A descriptivist can make a long description of how a word is used, and by which percentages of people. They can also make statements concerning patterns which English usually follows. They will be faced, after doing so, with items which do not agree with the "rules" they have formulated. It will seldom be a unique mistake, there will usually be a certain percentage of people doing the same sort of thing. They can therefore pursue the exact magnitude of the percentage and type of people violating the rule in such and such a way, I suppose.
They don't though. They just use correct, ? and *. They make an arbitrary judgement.

Can you link the old discussion? Was I in it? Confused

Anyway, what's a more formal context where the misguided correctness judgers are to be found? This here forum? Can I tell people "If you use this form on Dave's eslcafe then somebody who describes themselves as a descriptivist may well leap down your throat and ignore your argument"?
Do you mean to say that in pure minded informal contexts no mistakes are ever picked up?
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fluffyhamster



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PostPosted: Wed Jul 23, 2008 11:01 pm    Post subject: Reply with quote

Can you give us some examples of these "items which do not agree with the rules/description formulated and which therefore reduce even the most fair-minded and resourceful linguist to become arbitrary and start making things up"? I'm not sure what you're on about here.

The old discussion ('Why do we teach prescriptive grammar?'):
http://forums.eslcafe.com/teacher/viewtopic.php?p=14434#14434

Things like typos sometimes get picked up on by people who, whilst they might not exactly have lost an argument, aren't working hard enough to win it. I can't think offhand of any instances where the forms/means used in these discussions have become the focus, to the exclusion of the points being made.
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woodcutter



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PostPosted: Thu Jul 24, 2008 12:32 am    Post subject: Reply with quote

I'd rather be lazy if possible - can't you simply accept that there is no definite clear barrier between correct and ?, and ? and *. That a judgement is necessary? That a descriptive linguist will, like a prescriptivist, say things like "In English, uncountable nouns do not take the indefinite article" but then have to fumble with the details of that? (O.K, you can say "usually", but then we are confused about whether a violation of our rule is serious or not)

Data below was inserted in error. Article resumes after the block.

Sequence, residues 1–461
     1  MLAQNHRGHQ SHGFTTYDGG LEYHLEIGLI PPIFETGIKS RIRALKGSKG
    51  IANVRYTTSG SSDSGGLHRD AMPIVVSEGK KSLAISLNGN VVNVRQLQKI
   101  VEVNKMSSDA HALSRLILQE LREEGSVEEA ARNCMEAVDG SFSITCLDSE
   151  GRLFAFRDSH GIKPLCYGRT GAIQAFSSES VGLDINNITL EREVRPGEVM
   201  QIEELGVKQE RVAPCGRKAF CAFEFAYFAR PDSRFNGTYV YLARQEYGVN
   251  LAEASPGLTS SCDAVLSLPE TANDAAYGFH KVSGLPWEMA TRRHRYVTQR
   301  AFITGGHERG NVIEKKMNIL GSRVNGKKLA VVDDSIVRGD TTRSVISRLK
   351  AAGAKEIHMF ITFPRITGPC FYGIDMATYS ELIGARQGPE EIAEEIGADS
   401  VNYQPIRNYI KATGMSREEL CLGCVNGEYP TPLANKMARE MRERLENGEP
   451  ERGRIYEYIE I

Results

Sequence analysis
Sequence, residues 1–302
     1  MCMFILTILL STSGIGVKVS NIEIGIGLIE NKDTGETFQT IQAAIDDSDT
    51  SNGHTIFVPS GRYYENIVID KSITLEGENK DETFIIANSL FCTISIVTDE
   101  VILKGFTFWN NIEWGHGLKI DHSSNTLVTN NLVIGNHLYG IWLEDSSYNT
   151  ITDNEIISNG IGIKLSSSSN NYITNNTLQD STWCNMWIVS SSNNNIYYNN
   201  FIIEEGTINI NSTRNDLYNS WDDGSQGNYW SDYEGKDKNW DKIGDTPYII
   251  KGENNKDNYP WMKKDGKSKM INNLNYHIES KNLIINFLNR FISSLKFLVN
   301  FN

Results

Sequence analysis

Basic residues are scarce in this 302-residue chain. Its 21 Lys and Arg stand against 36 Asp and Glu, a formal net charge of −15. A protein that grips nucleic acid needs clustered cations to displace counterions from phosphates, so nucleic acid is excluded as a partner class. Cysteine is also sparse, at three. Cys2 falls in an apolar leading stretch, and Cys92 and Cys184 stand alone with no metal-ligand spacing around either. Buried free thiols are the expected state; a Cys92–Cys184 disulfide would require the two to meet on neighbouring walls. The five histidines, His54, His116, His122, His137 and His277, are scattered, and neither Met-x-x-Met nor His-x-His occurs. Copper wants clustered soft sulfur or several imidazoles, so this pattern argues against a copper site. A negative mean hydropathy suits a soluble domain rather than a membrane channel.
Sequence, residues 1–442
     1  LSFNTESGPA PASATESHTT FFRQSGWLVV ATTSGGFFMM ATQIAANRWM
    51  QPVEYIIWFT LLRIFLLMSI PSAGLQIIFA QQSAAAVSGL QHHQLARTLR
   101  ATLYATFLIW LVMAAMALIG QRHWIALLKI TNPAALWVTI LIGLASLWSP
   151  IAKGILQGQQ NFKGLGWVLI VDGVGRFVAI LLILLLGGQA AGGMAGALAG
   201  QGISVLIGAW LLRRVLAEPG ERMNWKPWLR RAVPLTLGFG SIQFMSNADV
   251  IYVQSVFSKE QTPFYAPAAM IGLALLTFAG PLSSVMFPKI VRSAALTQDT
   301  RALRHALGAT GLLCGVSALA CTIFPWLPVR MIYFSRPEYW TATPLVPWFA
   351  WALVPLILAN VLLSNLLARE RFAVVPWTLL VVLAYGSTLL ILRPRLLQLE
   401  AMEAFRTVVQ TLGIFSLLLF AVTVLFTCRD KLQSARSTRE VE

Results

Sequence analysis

I was in the other thread, but I suppose I forgot on account of it being a general bun fight, as well as my weak memory. (makes a nice change from wordreference.com English only forums where I've been hanging about recently though. The faintest whiff of naughtiness or off-topicness is met with extermination over there, from a moderator with a nun avatar! ).

One point that wasn't made in the old thread is that even descriptive linguists are also often concerned with what is acceptable in formal English in particular. That makes things much trickier. Corpus linguistics is less helpful there.

Here at David's ESL cantina, the most rabid descriptive non-elitist linguist that ever was or could be once had a habit of ignoring the point of native and non-native speakers alike, in order to note they had made a mistake with usage that proved they were a dunce. Go figure.
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fluffyhamster



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PostPosted: Thu Jul 24, 2008 1:37 pm    Post subject: Reply with quote

Woody, you seem to be mystified (a little miffed, even?) how we can talk of let alone have a non-prescriptive standard in especially writing, but I ask you, how much influence do those who concern themselves with matters linguistic really have? Mavens focus on only a fraction of the possibilities (or problems, as they see them), and serious linguists probably won't ever be able to predict much less tell us (especially us native speakers) how we "should" write (we write by joining letters to form words, then placing word after word, and all about who knows what until after the event). About the only thing we really need guidance on is how to consistently transcribe the sounds of our language in ways that others will process without undue difficulty, hence the value placed on literacy, standardized spelling etc (it is probably easier on balance to learn spellings by rote than to have the orthography keep up with changes in pronunciation - and whose pronunciation!). Do you prefer prescription? I must admit that I find it hard to tell quite what your views are (except that you often mention setting up an English Academy).

Of course, language was created out of (some might prefer 'refined by') myriad judgements and implicit agreements, but despite (or should that be because of) its collective history and nature, I don't ultimately see how any one person or even group of people (however educated and clever) can really tell others how to speak or write (how should be obvious to any non-illiterate).